The Kobayashi Marumoto Test comes from the lore of Star Trek. Cadets of the star fleet academy faced a hopeless scenario, in order to test their character.

Larken Rose has his version of the Kobayashi Marumoto test; he wants to ask us when we would use violence in self-defense against a cop.

If you ever find yourself in a situation where you wish that you had prepared by thinking about violent self-defense with respect to cops, you have already lost. You face a hopeless scenario, where the best possible outcome is something like what happened to Randy Weaver. That is, you will only spend a certain amount of time in jail, only a few of your family members will get killed, and a few people actually will notice that injustice was dealt to you, but will soon forget. You will have lost both at the personal level and from the perspective of the voluntary society.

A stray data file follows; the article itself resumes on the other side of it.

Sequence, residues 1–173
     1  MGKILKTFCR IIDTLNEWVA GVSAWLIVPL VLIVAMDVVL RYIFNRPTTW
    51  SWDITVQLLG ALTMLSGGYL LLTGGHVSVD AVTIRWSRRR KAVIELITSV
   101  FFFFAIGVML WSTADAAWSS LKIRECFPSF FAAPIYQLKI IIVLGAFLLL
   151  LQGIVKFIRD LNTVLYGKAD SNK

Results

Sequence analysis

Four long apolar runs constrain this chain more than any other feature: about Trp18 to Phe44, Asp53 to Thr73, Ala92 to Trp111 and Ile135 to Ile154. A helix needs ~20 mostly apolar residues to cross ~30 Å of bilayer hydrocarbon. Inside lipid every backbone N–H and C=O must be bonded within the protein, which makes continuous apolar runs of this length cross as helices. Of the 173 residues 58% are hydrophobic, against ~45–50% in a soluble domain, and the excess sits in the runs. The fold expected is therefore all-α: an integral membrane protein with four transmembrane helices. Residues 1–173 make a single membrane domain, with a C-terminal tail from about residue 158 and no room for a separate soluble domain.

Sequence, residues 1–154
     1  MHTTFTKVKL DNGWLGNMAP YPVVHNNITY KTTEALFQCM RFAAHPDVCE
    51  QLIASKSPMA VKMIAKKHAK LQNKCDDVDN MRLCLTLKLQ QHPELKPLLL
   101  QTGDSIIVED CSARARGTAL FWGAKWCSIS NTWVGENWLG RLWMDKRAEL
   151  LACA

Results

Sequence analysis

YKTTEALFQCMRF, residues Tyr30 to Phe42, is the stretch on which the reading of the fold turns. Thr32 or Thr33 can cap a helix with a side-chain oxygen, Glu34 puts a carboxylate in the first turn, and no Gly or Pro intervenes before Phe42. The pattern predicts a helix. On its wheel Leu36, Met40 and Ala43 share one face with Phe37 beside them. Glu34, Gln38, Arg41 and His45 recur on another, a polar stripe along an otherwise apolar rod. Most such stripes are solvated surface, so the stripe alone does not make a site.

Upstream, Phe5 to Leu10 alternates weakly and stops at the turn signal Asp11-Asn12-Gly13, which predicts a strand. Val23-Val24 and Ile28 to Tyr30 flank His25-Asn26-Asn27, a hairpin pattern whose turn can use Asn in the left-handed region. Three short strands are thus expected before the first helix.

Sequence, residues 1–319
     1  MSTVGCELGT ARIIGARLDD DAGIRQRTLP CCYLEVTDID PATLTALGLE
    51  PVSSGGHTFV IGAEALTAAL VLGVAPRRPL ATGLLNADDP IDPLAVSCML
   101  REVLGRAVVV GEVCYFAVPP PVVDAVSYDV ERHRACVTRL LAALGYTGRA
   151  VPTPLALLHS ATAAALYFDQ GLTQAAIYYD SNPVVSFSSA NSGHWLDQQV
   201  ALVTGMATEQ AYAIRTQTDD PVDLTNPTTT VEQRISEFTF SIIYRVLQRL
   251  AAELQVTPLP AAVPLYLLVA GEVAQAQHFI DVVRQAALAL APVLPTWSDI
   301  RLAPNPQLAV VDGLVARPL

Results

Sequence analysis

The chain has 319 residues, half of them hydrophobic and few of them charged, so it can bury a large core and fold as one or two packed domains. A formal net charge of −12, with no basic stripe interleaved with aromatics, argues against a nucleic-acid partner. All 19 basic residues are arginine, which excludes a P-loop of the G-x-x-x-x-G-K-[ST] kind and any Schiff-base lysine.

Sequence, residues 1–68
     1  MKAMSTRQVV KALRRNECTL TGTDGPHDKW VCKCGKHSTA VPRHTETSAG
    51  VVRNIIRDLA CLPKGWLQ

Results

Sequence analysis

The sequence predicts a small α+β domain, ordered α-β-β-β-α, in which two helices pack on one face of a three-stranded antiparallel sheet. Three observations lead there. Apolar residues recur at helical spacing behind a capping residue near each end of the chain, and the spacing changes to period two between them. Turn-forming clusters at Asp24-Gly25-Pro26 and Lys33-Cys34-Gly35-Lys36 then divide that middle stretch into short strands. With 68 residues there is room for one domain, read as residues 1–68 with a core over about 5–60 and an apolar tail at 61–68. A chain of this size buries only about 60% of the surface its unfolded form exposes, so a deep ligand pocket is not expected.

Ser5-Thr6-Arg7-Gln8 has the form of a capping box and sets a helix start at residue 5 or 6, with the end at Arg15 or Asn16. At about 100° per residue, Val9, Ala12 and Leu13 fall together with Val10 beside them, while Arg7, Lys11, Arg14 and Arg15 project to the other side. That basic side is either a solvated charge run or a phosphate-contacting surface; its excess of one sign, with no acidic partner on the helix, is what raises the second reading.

Rather than “when is self-defense justified?”, the question we should answer is “How do I know when it is time to escape?” If you have self-defense against cops on the table, you waited to long.

Consider this question: “What can I do now to reduce the risk that I will ever face this sort of choice?”

What can we learn from Randy Weaver or David Koresh? Both of them ended up in a gunfight with federal agents before the cattle car doors closed. One of them even managed to survive. But they lost, and lost big.
James Kirk beat the Kobayashi Maru test. He hacked the computer, adding an option that allowed him to win. He cheated. We should learn from him, learn to look ahead and make the unexpected move. If they come for you, don’t be there. Better yet, hack their computer, so they never come for you.